Would Trump start a war to save his presidency?
Donald Trump’s saber-rattling against Iran over that fire at sea of two oil tankers has raised fears of a miscalculation that could lead to war. With all the latest polling numbers suggesting his reelection next year could be in jeopardy, would he start one to salvage his political skin?
Under normal circumstances and a normal presidency, the answer from most Americans probably would be a resounding no. But we don’t have a normal chief executive in the Oval Office. We have a serial narcissist who on numerous occasions has demonstrated his willingness to do or say anything to maintain his political power.
The decision announced Monday by Acting Secretary of Defense Patrick Shanahan to send thousand more American military forces to the Middle East “for defensive purposes to address air, naval and ground-based threats” has fanned the concern.
Shanahan has since resigned, and subsequently the U.S. has accused Iran of downing an American drone without provocation.
The president has said he is ready to exercise “a full range of options” beyond sanctions already in place to prevent Iran from becoming a nuclear power in the region, after abandoning the deal the Obama administration struck with Tehran.
The modest U.S. military buildup comes at a time Trump has been bombarded with press reports and leaks of polls from private political camps that hint he could lose election next year to several prospective Democratic presidential candidates, including former Vice President Joe Biden.
Trump characteristically has lashed out at all of them, and particularly Biden, with personal slanders and nicknames. But threatening war to bolster his chances of a second presidential term could be going a bridge too far for voters of all stripes next year.
The last American president to take this country to a shooting war was Republican George W. Bush in 2003. He invaded the Iraqi regime of dictator Saddam Hussein on grounds he had weapons of mass destruction aimed at the Western alliance, which turned out not to exist.
Bush was hailed as a hero at the time, declaring “Mission Accomplished.” But when Iraq became a quagmire of unintended consequences, his support eventually dwindled, though he did manage to win a second term, absent major allegations that he had acted to save his own presidency.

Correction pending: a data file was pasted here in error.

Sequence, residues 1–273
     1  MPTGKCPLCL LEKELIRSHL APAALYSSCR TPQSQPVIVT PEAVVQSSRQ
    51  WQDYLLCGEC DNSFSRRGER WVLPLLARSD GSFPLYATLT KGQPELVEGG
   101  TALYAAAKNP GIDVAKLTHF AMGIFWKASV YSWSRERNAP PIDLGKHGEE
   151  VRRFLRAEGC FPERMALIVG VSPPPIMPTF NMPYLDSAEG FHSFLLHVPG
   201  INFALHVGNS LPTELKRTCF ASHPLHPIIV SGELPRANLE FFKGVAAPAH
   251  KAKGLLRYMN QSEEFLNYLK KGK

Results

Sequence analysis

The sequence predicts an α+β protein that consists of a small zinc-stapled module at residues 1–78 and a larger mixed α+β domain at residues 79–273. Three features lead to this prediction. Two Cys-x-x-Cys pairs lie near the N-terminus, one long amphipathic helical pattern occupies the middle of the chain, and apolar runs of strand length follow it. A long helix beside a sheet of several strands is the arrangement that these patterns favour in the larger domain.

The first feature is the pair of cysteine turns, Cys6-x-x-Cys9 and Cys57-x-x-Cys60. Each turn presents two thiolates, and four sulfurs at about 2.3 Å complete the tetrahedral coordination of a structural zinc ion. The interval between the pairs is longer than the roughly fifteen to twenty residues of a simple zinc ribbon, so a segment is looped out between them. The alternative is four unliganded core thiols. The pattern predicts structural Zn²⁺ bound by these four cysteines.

Bush contended he believed Saddam Hussein had those WMDs, as they were called, at the time. His secretary of state, former Army Gen. Colin Powell, seemed to so testify in a memorable speech to the United Nations. But Powell later labeled that testimony “a blot on my record” that he said he regretted long afterward.
Trump by contrast has given no indication that he ever doubts his own judgment. To that point, he has repeatedly disregarded the collective findings of his own government’s highest-ranking intelligence officials that Russian authorities systematically meddled in the 2016 election in his favor.
None of this history is evidence that if push came to shove he would use his presidential powers in some way to assure he would remain in office. Yet he has talked, whether in jest or otherwise, that his fervent supporters might want him to continue in the presidency beyond the eight years to which the amended Constitution allows him.
Such conjecture is a measure not only of the narcissism of the man, but also of the state of abnormality in this country wrought by his dysfunction personally as our highest governmental official in perilous times.
We are still a bona fide democratic society in which we almost universally agree that that no man or woman is “above the law.” But we also now know that a president has the capability or power take us to war without Congress’s approval, because it has happened here. Under a man like Donald Trump, could it not happen again?
The last time Congress exercised its sole power in the Constitution to declare war was nearly 78 years ago, against imperial Japan and Nazi Germany. As a people, we must make sure that is the only way it ever does happen again.
Jules Witcover’s latest book is
“The American Vice Presidency: From Irrelevance
to Power,” published by Smithsonian Books.